Hostos50 Anniversary Events Off and Running!

Welcome Day Salutes Students, Both New And Old

Hostos’ golden anniversary would not mean anything if it were not for the incredible students who attended the College for the past 50 years.

To ensure the latest class of Hostos students begin their academic journey on the right foot, “Welcome Day” was held on Sept. 7. The all-day series of events helped acclimate students to Hostos through workshops, networking opportunities and fun activities.

Organized by the President’s Office and the Office of Student Activities, events were open to all new and all returning students.

Jerry Rosa, the Director of Student Activities said the aim was to “have a good beginning of the school year ‘WIFI’ – that is, we wanted them to feel Welcomed, Informed, Familiar with student services and Involved in Student Life.”

The workshops, titled “Strategies for Academic Success,” “Embracing Student Life,” and “Planning for the Future,” offered everything from relaxation techniques to advice on how student life activities can make them better students and citizens. Advice about planning for life after Hostos was even offered.

The day was rounded out by a scavenger hunt, bingo, lunch and other fun social activities.

You can see some great photos from this event on our Facebook Page here.

 

Hostos Salutes Alumni

Welcome Day ended by saluting several special alumni who returned for the “Alumni Speakers Bureau Recognition Reception.” Hosted by the Division for Institutional Advancement and the Alumni Relations Office, the evening showcased some of the best graduates Hostos has to offer.

Adam Meyer, the Alumni Speakers Bureau Coordinator, served as host and Vice President of Institutional Advancement Ana Martínez also welcomed the special guests.

Longtime Hostos Business Professor Sandy Figueroa received an award for her ongoing work engaging Hostos alumni through classroom presentations. “It’s always great to have graduates return to my class to talk about how Hostos has helped them get ahead in their professional lives,” Figueroa said.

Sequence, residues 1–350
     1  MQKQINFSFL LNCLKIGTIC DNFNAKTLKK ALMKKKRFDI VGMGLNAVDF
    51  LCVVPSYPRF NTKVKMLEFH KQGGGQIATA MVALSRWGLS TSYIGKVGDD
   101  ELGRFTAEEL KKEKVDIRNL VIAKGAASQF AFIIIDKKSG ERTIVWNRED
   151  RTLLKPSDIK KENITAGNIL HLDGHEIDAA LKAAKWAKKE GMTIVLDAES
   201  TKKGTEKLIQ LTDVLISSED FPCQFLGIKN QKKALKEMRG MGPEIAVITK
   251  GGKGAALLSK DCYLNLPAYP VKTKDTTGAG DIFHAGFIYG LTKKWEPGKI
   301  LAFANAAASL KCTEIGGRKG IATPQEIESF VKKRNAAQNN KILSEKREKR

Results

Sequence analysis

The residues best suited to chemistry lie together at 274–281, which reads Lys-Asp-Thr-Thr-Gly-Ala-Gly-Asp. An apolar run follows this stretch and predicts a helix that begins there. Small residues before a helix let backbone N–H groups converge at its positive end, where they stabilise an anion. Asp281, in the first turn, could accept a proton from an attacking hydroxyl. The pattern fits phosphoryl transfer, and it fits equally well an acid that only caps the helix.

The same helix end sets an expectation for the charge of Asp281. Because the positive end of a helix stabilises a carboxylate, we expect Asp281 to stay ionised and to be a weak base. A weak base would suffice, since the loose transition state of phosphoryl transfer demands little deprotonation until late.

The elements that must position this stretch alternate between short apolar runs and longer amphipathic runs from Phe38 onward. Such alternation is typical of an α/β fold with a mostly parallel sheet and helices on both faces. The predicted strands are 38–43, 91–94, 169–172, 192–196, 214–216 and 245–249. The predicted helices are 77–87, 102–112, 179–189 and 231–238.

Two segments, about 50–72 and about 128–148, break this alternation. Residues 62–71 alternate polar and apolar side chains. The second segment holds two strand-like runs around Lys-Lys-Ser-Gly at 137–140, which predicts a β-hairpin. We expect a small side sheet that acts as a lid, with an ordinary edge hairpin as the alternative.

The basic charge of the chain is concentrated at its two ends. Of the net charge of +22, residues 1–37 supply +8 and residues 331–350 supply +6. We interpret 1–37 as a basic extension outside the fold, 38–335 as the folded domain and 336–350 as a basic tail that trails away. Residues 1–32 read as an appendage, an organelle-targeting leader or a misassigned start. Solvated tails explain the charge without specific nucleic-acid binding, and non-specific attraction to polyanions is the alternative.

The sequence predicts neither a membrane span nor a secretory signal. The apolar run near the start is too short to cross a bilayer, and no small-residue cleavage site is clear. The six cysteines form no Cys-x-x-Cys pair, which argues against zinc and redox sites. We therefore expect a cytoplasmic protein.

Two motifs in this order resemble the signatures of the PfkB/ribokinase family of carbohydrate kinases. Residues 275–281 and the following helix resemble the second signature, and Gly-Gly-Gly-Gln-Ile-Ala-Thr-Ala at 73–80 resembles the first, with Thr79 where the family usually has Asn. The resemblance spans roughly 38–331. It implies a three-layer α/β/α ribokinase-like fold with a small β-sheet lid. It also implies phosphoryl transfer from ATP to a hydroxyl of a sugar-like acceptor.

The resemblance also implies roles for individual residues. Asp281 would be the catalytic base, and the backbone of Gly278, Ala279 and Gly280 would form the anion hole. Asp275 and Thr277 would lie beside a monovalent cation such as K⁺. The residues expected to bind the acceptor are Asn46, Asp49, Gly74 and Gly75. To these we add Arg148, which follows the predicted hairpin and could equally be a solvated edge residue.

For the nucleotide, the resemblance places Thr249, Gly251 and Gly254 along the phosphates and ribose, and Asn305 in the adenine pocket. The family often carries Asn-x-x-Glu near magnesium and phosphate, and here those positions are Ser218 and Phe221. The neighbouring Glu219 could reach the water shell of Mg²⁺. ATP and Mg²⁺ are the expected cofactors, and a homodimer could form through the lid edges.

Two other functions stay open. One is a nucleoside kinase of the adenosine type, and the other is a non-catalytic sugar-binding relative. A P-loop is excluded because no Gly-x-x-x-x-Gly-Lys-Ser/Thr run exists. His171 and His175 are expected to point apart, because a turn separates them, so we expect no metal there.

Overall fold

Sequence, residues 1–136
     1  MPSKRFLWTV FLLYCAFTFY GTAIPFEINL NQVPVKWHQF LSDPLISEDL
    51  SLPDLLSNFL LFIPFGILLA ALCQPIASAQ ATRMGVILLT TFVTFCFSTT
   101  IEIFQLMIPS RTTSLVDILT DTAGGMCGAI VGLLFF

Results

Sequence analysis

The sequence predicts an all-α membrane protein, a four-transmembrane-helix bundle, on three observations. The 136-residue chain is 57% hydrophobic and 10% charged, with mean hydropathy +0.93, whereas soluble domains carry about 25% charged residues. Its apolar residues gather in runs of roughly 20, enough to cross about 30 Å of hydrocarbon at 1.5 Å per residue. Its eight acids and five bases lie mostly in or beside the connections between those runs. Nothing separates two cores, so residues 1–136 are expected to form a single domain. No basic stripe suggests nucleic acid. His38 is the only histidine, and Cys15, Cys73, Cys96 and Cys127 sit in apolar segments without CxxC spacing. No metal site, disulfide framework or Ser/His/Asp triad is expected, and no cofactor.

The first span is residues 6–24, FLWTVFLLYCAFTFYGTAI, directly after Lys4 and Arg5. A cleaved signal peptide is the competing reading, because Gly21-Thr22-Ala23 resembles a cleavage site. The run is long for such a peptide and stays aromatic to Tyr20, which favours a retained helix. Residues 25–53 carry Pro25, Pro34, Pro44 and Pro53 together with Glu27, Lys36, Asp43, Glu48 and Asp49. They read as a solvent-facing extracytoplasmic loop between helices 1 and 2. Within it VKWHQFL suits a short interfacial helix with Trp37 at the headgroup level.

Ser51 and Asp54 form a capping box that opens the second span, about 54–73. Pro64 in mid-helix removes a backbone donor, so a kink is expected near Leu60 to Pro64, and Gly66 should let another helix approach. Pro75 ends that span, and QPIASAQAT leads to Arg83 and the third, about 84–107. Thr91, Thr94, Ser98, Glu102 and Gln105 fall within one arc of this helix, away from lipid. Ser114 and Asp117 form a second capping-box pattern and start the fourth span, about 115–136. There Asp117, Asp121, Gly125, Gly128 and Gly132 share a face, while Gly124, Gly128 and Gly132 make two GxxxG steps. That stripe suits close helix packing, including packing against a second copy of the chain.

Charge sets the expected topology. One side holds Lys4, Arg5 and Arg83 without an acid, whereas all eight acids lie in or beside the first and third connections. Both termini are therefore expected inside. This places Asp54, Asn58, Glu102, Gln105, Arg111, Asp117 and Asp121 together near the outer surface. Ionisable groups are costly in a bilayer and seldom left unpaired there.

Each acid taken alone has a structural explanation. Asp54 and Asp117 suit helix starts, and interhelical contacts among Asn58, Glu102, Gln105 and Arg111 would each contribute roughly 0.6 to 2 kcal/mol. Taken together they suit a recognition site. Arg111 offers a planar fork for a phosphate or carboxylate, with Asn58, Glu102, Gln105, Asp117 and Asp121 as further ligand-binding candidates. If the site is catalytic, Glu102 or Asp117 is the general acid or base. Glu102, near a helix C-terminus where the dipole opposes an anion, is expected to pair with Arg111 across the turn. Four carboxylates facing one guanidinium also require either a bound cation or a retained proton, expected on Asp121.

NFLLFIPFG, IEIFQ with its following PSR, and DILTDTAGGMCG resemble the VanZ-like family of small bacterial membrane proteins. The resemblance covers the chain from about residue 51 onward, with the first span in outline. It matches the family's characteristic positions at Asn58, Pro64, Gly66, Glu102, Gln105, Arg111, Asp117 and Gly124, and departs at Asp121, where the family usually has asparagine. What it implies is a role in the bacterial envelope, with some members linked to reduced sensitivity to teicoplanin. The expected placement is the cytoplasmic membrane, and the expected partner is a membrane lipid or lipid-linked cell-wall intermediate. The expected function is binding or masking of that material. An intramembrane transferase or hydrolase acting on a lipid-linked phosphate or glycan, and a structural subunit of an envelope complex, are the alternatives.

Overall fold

Class of 2012 alum Saddiq Terrance A. McSween, now a Registered Radiologic Technologist, returned to the College to receive the Alumni Speakers Bureau Award for Outstanding Service to the Community. “I never tried to hide my past… I came here as an ex-felon with the plan of changing my life for the better. Hostos Community College gave me the foundation necessary for me to achieve my goals.”

As an honor student at Hostos, McSween was elected Vice President of the Student Government and was President of the Black Student Union. McSween was awarded numerous grants and scholarships, including the Martin Luther King Scholarship, the Circle of 100 Scholarship, as well as the American Society of Radiologic Technologists (ASRT) Scholarship Award for Excellence.

Speaking to the spirit of the event himself, McSween urged others to give back and offer support to others who have helped them down the twisting roads of life. “If you see a troubled or at-risk youth—and it doesn’t just have to be at Hostos—reach out to that individual and talk to them so that they can get back on the right path.”

McSween also spoke passionately about how everyone should “water and nurture their roots.” He spoke fondly about how Hostos helped him build a firm foundation for himself and his family.